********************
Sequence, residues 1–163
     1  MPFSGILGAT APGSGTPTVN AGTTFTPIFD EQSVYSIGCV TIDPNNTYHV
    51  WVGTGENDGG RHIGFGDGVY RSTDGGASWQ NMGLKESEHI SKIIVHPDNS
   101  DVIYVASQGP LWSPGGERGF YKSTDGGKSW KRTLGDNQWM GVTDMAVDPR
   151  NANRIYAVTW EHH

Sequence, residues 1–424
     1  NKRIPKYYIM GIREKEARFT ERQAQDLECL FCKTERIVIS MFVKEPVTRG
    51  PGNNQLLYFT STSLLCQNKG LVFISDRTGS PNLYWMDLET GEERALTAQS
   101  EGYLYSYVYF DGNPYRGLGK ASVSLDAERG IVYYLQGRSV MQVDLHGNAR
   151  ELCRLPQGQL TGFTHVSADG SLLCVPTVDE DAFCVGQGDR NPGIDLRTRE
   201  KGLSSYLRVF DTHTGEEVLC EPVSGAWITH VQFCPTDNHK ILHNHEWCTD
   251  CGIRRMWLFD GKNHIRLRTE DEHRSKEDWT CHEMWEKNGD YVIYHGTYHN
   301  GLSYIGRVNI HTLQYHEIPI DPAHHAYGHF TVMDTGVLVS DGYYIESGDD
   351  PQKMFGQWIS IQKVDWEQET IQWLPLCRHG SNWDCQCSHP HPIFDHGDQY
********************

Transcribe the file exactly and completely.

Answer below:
Sequence, residues 1–163
     1  MPFSGILGAT APGSGTPTVN AGTTFTPIFD EQSVYSIGCV TIDPNNTYHV
    51  WVGTGENDGG RHIGFGDGVY RSTDGGASWQ NMGLKESEHI SKIIVHPDNS
   101  DVIYVASQGP LWSPGGERGF YKSTDGGKSW KRTLGDNQWM GVTDMAVDPR
   151  NANRIYAVTW EHH

Sequence, residues 1–424
     1  NKRIPKYYIM GIREKEARFT ERQAQDLECL FCKTERIVIS MFVKEPVTRG
    51  PGNNQLLYFT STSLLCQNKG LVFISDRTGS PNLYWMDLET GEERALTAQS
   101  EGYLYSYVYF DGNPYRGLGK ASVSLDAERG IVYYLQGRSV MQVDLHGNAR
   151  ELCRLPQGQL TGFTHVSADG SLLCVPTVDE DAFCVGQGDR NPGIDLRTRE
   201  KGLSSYLRVF DTHTGEEVLC EPVSGAWITH VQFCPTDNHK ILHNHEWCTD
   251  CGIRRMWLFD GKNHIRLRTE DEHRSKEDWT CHEMWEKNGD YVIYHGTYHN
   301  GLSYIGRVNI HTLQYHEIPI DPAHHAYGHF TVMDTGVLVS DGYYIESGDD
   351  PQKMFGQWIS IQKVDWEQET IQWLPLCRHG SNWDCQCSHP HPIFDHGDQY